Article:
We sought to assess the prognostic value of peak exercise oxygen consumption (peak VO2) in patients with severe left ventricular systolic dysfunction and mild to moderate symptoms of chronic heart failure. We focused on 1-year mortality. We prospectively studied 77 patients with left ventricular ejection fraction (EF) <or = 25% and NYHA functional class I/II (61%) or III (39%). All patients underwent cardiopulmonary exercise test, two-dimensional echocardiography and 24-hour Holter monitoring. Examined variables were age, etiology, NYHA functional class, EF, peak VO2, and presence of nonsustained ventricular tachycardia. Overall 1-year mortality rate was 23%. At univariate analysis, age > or = 60 years, ischemic etiology, and peak VO2 <14 ml/kg/min were significantly associated with mortality. At multivariate analysis, peak VO2 was the most powerful predictor of death (p = 0.0001). In the subgroup of patients with a peak VO2 <14 ml/kg/min, the actuarial 1-year mortality rate was 56%. One additional patient underwent heart transplantation because of severe hemodynamic deterioration. By contrast, in the subgroup of patient with a peak VO2 > 14 ml/kg/min, 1-year mortality rate was 11%. This study provides evidence that patients with severe left ventricular dysfunction and mild to moderate symptoms of chronic heart failure can be accurately stratified into subgroups with strikingly divergent prognosis by an objective criteria such as peak VO2.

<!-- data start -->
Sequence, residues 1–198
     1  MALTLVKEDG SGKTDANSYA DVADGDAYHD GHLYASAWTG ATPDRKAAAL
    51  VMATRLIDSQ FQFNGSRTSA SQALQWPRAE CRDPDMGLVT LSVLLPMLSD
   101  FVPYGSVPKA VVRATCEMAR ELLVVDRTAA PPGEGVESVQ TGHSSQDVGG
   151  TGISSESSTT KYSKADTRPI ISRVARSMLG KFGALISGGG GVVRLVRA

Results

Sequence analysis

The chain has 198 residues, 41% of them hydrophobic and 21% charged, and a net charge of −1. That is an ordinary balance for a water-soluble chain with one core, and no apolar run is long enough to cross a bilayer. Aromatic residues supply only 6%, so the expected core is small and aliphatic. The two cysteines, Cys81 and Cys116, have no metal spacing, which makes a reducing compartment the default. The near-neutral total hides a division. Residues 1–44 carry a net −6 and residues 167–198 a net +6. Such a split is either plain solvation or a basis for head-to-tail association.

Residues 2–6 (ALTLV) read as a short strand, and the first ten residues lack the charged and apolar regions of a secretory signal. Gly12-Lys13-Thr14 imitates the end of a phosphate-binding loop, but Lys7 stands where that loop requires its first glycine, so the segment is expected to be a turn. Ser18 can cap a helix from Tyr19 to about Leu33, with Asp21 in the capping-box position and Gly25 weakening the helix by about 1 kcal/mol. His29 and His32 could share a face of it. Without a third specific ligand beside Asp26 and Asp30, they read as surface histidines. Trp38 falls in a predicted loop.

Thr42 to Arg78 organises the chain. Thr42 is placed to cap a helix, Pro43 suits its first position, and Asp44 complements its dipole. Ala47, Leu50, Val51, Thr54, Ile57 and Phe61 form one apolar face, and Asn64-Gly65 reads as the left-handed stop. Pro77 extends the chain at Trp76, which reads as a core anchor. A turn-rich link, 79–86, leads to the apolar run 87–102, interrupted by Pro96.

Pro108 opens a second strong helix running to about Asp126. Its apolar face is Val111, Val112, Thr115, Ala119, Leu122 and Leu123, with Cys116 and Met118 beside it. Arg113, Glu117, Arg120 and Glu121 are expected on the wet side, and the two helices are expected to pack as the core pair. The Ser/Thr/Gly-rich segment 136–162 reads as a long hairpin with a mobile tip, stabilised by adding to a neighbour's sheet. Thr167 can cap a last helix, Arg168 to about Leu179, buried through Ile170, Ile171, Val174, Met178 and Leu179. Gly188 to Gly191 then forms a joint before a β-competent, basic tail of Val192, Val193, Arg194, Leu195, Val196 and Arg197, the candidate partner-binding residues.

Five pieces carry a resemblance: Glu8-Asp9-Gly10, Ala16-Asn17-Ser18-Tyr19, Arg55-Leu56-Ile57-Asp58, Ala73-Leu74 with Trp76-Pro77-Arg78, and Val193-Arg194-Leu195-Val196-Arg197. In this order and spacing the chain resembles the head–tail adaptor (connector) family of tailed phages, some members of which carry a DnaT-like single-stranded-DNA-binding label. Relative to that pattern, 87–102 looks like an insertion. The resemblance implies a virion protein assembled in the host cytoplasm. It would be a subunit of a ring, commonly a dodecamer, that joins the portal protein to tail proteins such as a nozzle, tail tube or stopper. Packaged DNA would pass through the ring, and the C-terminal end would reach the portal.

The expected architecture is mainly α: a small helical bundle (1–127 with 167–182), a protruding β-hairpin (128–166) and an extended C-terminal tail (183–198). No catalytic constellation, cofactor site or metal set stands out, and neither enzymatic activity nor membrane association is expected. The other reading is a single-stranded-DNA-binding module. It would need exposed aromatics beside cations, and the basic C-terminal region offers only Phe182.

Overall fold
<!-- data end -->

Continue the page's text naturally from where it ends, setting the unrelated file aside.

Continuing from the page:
|Translated title of the contribution||Value of peak oxygen consumption during exercise for the prognostic stratification of patients with severe systolic dysfunction of the left ventricle|
|Number of pages||6|
|Publication status||Published - Sep 1997|
ASJC Scopus subject areas
- Cardiology and Cardiovascular Medicine